News & Current Affairs, CARICOM Affairs - Wednesday, November 25, 2009 13:18

Referendum day on monarchy, constitutional reform in St. Vincent & the Grenadines

By , News Desk

The people of St. Vincent & the Grenadines will today decide whether to replace the island’s constitution, which has been in place since gaining independence from the United Kingdom in 1979.

If approved, the new constitution will abolish the island’s monarchy, removing Queen Elizabeth II as head of state and replacing her with a non-executive president nominated by both political parties. The charter will also establish a Court of Appeals to replace the British Privy Council, which remains the highest appeals court in the island.

Prime Minister Ralph Gonsalves and his ruling United Labour Party has campaigned heavily in favour of constitutional reform along republican lines, going so far as to promise a public holiday if the referendum succeeds.

Speaking to the Trinidad Express, Gonsalves said: “I find it a bit of a Nancy story that the Queen of England can really be the Queen of Saint Vincent and the Grenadines”. The opposition New Democratic Labour Party (NDP), though also in favour of a republican system, is opposing the selection of a president by parliament and insists that the office should be filled by a nationally elected candidate.

The opposition further argues that the new constitution will do nothing to reduce the power of the Prime Minister or to strengthen the country’s democracy, claiming that the proposed charter does not go far enough to rework the mandate of the Integrity Commission, Human Rights Commission, the office of the Ombudsman and the Electoral and Boundaries Commission. Fringe groups in the island have gone further to oppose the new constitution, arguing that it will bring “communism” to St. Vincent & the Grenadines.

The referendum requires a two-thirds majority vote for passage and will be observed by missions from CARICOM and the Organisation of American States. There are 97,000 registered voters, with an undetermined number of people who have died or moved away on the electors list.

Queen Elizabeth II is coincidentally on a rare trip to the region to open the Commonwealth Heads of Government Meeting in Trinidad & Tobago on November 27, in her capacity as head of the Commonwealth.

Update: The referendum was defeated by a significant margin in results announced at 2230.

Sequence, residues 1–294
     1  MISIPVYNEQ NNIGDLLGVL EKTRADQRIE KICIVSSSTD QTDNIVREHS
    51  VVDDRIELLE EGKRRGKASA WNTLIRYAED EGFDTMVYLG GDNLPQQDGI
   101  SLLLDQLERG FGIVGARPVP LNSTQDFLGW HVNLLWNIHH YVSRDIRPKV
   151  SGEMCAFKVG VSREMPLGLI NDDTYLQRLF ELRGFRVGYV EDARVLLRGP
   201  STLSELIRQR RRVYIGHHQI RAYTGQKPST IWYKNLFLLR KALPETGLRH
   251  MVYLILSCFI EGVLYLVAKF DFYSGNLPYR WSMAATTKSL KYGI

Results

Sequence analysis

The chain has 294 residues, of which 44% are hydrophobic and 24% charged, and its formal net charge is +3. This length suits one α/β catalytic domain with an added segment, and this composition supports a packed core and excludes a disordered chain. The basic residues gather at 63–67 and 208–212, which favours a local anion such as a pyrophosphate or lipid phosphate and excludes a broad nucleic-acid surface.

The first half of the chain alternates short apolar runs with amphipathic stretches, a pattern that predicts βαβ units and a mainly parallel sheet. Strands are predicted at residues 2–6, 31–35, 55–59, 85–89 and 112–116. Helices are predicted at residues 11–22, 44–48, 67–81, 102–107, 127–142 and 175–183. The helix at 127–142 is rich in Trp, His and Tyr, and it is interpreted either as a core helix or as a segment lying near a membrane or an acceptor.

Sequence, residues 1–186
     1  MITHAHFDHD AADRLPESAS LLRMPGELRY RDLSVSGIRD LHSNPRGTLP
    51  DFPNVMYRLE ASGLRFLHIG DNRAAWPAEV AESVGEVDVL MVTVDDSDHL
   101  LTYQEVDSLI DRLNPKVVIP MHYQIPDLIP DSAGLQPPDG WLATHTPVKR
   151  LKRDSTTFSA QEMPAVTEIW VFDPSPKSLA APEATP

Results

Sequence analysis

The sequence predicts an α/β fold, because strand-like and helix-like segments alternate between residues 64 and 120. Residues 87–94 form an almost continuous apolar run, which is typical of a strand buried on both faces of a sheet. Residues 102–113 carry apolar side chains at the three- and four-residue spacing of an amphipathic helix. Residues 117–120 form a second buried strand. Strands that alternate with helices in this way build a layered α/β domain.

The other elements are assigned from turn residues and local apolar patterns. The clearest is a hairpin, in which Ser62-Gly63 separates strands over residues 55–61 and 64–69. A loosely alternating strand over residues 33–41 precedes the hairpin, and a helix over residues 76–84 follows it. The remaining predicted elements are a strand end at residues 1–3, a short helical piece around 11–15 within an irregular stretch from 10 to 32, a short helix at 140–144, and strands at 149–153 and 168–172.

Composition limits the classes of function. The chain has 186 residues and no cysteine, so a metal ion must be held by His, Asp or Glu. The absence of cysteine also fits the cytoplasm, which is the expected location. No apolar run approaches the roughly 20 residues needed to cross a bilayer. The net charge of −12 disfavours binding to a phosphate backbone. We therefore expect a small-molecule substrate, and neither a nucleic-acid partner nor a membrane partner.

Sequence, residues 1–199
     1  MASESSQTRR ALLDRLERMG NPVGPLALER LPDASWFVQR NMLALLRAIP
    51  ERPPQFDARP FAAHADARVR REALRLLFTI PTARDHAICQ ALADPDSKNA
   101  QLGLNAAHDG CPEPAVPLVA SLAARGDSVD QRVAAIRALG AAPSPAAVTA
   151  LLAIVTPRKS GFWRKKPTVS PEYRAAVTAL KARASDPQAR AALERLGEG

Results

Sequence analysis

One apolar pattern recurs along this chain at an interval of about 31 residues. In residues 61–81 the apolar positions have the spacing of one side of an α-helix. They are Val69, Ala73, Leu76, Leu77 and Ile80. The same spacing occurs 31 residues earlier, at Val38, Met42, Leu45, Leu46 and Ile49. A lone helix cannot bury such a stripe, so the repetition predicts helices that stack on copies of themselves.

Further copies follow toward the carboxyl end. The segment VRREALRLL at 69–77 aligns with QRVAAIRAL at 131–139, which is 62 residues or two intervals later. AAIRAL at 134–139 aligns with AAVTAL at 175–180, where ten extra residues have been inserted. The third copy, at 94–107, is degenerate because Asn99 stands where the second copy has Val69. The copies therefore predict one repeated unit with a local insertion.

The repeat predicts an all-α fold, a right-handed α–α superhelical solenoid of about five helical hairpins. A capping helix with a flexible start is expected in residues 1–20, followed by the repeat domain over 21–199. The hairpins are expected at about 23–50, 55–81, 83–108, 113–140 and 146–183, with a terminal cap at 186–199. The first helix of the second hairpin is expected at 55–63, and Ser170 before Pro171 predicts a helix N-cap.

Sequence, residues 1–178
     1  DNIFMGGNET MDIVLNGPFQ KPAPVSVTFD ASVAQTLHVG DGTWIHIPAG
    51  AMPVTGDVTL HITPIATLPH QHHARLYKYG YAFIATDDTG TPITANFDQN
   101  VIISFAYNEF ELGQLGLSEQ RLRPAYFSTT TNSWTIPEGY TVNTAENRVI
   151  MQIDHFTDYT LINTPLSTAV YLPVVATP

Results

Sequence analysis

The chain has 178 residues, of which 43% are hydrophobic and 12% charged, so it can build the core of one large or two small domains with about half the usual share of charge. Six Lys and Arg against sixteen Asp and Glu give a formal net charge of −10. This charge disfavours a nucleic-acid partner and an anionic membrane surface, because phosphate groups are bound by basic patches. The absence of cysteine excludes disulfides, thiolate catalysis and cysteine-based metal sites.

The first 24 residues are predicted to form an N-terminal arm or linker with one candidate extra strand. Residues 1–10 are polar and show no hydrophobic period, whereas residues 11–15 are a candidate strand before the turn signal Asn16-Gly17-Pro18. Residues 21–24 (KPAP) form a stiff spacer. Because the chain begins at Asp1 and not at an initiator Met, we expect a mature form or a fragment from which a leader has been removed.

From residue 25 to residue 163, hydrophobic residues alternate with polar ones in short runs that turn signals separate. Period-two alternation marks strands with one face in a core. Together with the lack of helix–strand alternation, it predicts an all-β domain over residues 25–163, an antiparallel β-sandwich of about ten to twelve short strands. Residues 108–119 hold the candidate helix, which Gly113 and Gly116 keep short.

Antillean · Bridgetown, Barbados

The Antillean is a Caribbean media caucus that covers news, policies and insights within the region from a social and economic impact perspective. Our mission is to encourage thought and discussion on development issues within the region, with analyses that are often unreported in mainstream Caribbean media.

info@antillean.org

Tweet This Share on Facebook



2 Comments

You can follow any responses to this entry through the RSS 2.0 feed. You can leave a response, or trackback from your own site.

Saint Vincent and the Grenadines abeni from Charlotte, Saint Vincent and the Grenadines
Nov 25, 2009 18:45

so far the no vote has a slim lead after results from 4 polling stations have been submitted

On another note Congrats

United States Has British empire risen again in new climate-change Commonwealth summit at Trinidad and Tobago? - Counterweights from California, United States
Nov 30, 2009 16:01

[...] a republican system,” opposed the selection of a president by parliament and insisted “that the office should be filled by a nationally elected candidate.” Belize Prime Minister Dean Barrow (r) and his wife Kim with British Prime Minister Gordon [...]

Leave a Reply

Comment

 OP-Ed & Features, CARICOM Affairs - Apr 17, 2014 16:04 - 0 Comments

The US – Caribbean’s friend or
unintentional foe?

More In CARICOM Affairs


 News & Current Affairs, CARICOM Affairs - Mar 6, 2010 8:46 - 2 Comments

Region in drought: the thirsty Caribbean

More In  News & Current Affairs


 OP-Ed & Features, Gender & Sexuality - Feb 6, 2010 14:07 - 0 Comments

The Caribbean, religion & the legislation of sexuality

More In Gender & Sexuality